Four Blockchain Developments That Will Reinvent Your HR Department


What would your company do if it had a brand new way to manage payroll, onboarding, and every other human resources process?

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Blockchain technology is less than ten years old, but tech companies, financial institutions, and world governments alike are already flinching at its potential. The popular soundbyte is that this transformative system is a “new internet” that moves value instead of information, so it’s begun trickling into a number of disparate industries to redefine their processes.

It’s with good reason: the blockchain is especially adept at handling business processes that are heavy with people, data, time, and risk. Human resources departments are rife with them, so the blockchain has already begun driving a new normal for the industry. Payroll, hiring, training, and credential certification are starting to be reinvented with the blockchain in mind.

It’s early days in the story of blockchain-powered HR, but major changes are on the horizon that hold lasting implications for how the world’s human resources departments will operate. Now is the time for them to be paying attention.

Here are four of the latest events in the blockchain space that all modern HR professionals should be aware of.

1️⃣ MIT is offering students a blockchain-enabled diploma

The prestigious Massachusetts Institute of Technology serves as academic home for some of the brightest minds in America, and it’s begun piloting a diploma system that is certified by a digital key. This means that students can “own” their digital diploma in the same sense that they might “own” their cryptocurrency holdings. It’s a tamper-proof certificate that they’ve actually completed their courses.

They still receive a standard physical diploma, of course, but their digitally verified diploma can’t be faked.

2️⃣ Two companies have partnered to validate resumes on the blockchain

Recruit Technologies and Ascribe are building a system that uses the blockchain to make sure people don’t lie on their resume. As work credentials start moving from paper to the digital space, these guys take over the process of collecting official certificates that represent a job applicant’s qualifications. This means recruiters can browse incoming resumes with total confidence that they reflect true experience. They get a comprehensive, verified resume instead of one full of fluff.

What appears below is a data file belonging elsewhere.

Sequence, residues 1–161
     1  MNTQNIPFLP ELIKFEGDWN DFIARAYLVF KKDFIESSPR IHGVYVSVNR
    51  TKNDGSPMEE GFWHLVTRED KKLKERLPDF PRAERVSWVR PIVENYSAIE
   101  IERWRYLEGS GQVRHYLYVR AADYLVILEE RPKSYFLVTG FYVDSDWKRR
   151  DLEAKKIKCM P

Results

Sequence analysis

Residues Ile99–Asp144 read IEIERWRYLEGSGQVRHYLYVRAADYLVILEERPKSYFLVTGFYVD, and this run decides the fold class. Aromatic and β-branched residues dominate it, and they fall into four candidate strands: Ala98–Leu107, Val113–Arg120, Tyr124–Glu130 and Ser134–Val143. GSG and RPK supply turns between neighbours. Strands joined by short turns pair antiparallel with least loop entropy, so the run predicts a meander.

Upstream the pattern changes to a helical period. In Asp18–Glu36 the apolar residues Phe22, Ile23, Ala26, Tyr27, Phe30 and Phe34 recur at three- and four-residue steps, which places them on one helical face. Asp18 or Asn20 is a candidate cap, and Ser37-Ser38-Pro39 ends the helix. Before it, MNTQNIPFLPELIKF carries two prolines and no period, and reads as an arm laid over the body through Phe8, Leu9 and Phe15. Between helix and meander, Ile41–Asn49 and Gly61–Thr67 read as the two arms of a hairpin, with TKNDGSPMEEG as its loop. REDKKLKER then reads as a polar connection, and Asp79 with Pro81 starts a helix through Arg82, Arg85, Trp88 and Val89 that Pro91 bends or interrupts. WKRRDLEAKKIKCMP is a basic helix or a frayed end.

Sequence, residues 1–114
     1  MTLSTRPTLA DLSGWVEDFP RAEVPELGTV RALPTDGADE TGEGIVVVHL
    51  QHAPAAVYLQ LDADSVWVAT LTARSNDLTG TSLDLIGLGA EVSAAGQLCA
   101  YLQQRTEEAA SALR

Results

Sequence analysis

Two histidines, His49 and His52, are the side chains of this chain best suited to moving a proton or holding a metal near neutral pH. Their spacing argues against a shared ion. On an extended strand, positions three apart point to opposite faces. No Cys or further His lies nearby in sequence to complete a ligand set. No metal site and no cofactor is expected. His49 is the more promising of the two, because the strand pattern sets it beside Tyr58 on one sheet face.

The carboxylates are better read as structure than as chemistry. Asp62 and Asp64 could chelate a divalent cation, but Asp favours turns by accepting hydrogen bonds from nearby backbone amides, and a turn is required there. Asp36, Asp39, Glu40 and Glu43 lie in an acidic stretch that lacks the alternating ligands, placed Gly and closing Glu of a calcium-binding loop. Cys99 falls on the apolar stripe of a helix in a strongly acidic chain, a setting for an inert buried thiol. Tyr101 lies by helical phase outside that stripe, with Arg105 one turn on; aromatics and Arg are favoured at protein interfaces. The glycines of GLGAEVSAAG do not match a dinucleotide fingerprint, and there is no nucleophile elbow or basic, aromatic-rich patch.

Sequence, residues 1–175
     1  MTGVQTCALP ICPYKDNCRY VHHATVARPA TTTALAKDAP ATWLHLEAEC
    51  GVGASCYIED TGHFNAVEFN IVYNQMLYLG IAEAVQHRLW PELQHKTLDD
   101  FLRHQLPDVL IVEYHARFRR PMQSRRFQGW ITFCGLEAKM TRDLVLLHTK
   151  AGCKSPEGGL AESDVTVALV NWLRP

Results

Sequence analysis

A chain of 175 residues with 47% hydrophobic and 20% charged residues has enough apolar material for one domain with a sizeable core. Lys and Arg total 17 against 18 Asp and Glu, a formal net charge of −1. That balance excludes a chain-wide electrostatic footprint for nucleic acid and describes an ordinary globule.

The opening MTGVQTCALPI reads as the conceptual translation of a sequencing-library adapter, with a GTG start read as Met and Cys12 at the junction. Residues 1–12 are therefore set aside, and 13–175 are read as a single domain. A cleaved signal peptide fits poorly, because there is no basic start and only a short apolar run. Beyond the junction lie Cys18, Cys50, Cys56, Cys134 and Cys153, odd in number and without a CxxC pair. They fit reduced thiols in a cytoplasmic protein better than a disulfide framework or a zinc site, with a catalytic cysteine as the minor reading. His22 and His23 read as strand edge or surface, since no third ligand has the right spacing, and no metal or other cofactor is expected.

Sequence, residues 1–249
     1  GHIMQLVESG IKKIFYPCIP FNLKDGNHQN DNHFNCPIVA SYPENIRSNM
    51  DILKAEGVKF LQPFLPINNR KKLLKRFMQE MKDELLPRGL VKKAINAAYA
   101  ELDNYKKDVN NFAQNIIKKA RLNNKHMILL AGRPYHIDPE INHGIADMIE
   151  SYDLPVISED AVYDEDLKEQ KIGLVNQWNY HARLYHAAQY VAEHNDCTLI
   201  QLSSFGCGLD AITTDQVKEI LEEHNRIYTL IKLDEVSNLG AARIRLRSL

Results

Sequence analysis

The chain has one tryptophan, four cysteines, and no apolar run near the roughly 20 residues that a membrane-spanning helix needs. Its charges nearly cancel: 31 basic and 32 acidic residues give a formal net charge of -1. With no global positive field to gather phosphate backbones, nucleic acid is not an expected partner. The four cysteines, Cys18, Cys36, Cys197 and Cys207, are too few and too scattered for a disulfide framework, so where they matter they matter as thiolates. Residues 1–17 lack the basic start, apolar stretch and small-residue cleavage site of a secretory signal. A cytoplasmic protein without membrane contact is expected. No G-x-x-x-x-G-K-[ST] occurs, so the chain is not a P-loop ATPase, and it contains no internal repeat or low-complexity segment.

It will be a profound countermeasure against fraud in the job application process.

3️⃣ Oracle applied for a blockchain patent that will be useful for managing workflow efficiency

Whether it’s onboarding a new employee or collectively seeing a team meet its targets and deadlines, Oracle has been developing a blockchain system that keeps everyone on the same page. Once perfected, it will keep perfect records on how each employee contributes to a particular work process. This record can’t be changed or duplicated, so it works to smoothly ensure that a project moves onto the next step only after every previous step is complete.

Blockchain’s characteristics are valuable here — there’s no threat of unpermitted access or data manipulation.

4️⃣ Early adopters are already using the blockchain for payroll and employee identity

Current payroll systems aren’t very robust by comparison to cryptocurrency technology, which operates without borders or middlemen. That’s why a host of early adopters are already leaning into blockchain tech for use in HR, according to an October 2017 report by CompTIA. Blockchain technology is simply too useful for digital identity, asset management, and payments for companies to ignore it.

Companies like Bitwage and ChronoBank use it today to handle worldwide crypto payments for workers. Contractors and employees can get paid quickly in their preferred currency without interfacing through a bank, no matter where they are. It’s not only faster and better, but it eliminates errors at the same time.

In conclusion

Cryptocurrency gets a lot of media attention for volatile swings in value, but it is underpinned by a completely stable piece of technology with other uses. It’s a type of stability that will be a breath of fresh air for HR departments around the world. This development is ramping up slowly — when the world’s HR experts convened at a Las Vegas conference in October last year, they expected blockchain to be mainstream within the industry in the next 18–24 months.

The blockchain market is predicted to reach $60.7 billion by 2024. Are your hiring managers paying attention? Will they be prepared?


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